European Central Bank (ECB)
Founded on 30 June 1998 in Frankfurt, the European Central Bank (ECB) is responsible for implementing monetary policy in the Eurozone. Its main task is to maintain price stability in the Eurozone and, consequently, to preserve the purchasing power of the Euro. The Eurozone comprises the sixteen countries of the European Union (EU) which have introduced the Euro since 1999.
The European Central Bank and the national central banks constitute the European System of Central Banks (ESCB).
The decision-making bodies of the ECB (Executive Board and Governing Council) administer the ESCB, whose roles are to manage money supply, conduct exchange operations, hold and manage the official foreign reserve assets of the Member States and ensure the smooth functioning of payment systems.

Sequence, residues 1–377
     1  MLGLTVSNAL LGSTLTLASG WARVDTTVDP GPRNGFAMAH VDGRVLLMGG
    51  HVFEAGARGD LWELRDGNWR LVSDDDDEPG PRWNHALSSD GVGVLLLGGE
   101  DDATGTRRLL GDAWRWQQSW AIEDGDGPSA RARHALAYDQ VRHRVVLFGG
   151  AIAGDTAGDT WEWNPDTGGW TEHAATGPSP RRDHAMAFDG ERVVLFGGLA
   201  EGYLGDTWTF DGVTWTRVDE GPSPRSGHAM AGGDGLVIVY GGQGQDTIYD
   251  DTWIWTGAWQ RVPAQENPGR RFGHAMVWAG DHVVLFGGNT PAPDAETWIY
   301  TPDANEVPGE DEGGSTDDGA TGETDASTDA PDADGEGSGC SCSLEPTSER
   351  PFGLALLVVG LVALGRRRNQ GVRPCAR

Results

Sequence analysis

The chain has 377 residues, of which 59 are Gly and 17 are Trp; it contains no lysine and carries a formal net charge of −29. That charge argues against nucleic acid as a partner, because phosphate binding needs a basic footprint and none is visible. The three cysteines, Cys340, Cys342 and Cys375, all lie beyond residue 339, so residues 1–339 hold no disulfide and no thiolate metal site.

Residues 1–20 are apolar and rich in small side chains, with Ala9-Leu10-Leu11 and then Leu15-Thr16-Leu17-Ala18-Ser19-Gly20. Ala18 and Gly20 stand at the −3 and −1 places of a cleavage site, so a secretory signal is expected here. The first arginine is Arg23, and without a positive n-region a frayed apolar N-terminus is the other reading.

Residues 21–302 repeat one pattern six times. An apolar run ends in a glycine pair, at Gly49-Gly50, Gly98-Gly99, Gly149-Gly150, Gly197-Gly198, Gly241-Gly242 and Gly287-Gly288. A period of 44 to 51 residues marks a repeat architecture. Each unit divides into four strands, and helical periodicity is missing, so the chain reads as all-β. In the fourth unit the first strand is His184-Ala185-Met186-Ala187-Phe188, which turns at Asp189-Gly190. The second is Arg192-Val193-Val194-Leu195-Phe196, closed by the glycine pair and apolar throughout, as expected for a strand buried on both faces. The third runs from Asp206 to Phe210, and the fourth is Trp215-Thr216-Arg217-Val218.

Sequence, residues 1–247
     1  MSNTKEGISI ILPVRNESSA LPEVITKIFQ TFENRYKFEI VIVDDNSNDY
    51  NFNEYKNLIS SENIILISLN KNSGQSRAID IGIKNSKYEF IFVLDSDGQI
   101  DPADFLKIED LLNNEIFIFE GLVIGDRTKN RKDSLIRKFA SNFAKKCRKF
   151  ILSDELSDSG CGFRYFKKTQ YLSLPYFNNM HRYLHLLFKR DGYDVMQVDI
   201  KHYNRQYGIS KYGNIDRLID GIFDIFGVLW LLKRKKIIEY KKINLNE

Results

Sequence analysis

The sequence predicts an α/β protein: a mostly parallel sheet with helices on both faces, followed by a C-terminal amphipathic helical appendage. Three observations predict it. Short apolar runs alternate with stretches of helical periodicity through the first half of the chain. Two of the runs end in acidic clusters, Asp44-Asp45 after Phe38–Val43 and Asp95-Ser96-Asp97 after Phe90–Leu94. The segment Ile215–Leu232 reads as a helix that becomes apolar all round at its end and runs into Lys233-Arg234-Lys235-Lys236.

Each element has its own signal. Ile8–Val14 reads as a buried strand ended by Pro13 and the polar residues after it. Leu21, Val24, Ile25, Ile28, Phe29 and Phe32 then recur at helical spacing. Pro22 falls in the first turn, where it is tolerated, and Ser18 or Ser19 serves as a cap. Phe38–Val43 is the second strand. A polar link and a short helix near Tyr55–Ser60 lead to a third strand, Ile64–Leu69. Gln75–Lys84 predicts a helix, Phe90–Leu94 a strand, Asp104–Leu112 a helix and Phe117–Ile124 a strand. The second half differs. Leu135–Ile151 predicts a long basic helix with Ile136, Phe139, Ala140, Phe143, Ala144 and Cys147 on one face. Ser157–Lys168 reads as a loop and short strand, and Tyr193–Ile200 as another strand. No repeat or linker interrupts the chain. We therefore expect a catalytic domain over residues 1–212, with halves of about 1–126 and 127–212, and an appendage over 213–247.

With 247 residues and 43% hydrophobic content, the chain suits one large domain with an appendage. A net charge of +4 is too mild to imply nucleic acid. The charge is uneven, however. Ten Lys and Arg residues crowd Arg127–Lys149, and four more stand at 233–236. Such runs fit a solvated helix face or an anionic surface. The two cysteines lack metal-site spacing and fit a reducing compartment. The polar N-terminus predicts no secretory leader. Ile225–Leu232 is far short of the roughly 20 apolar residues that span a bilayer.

With the entry into force of the Treaty of Lisbon, the European Central Bank becomes an EU institution in its own right. It has legal personality and acts totally independently. It alone has the power to authorise the issue of the Euro.
The managing bodies of the ECB are:
- The Governing Council, made up of the members of the Executive Board and the Governors of the national central banks of the Member States which have adopted the Euro.
- The Executive Board, made up of the President, the Vice-President and four other members appointed by the European Council, acting by qualified majority on a recommendation from the Council and after consulting the European Parliament and the Governing Board of the European Central Bank. Their term of office is eight years and is not renewable.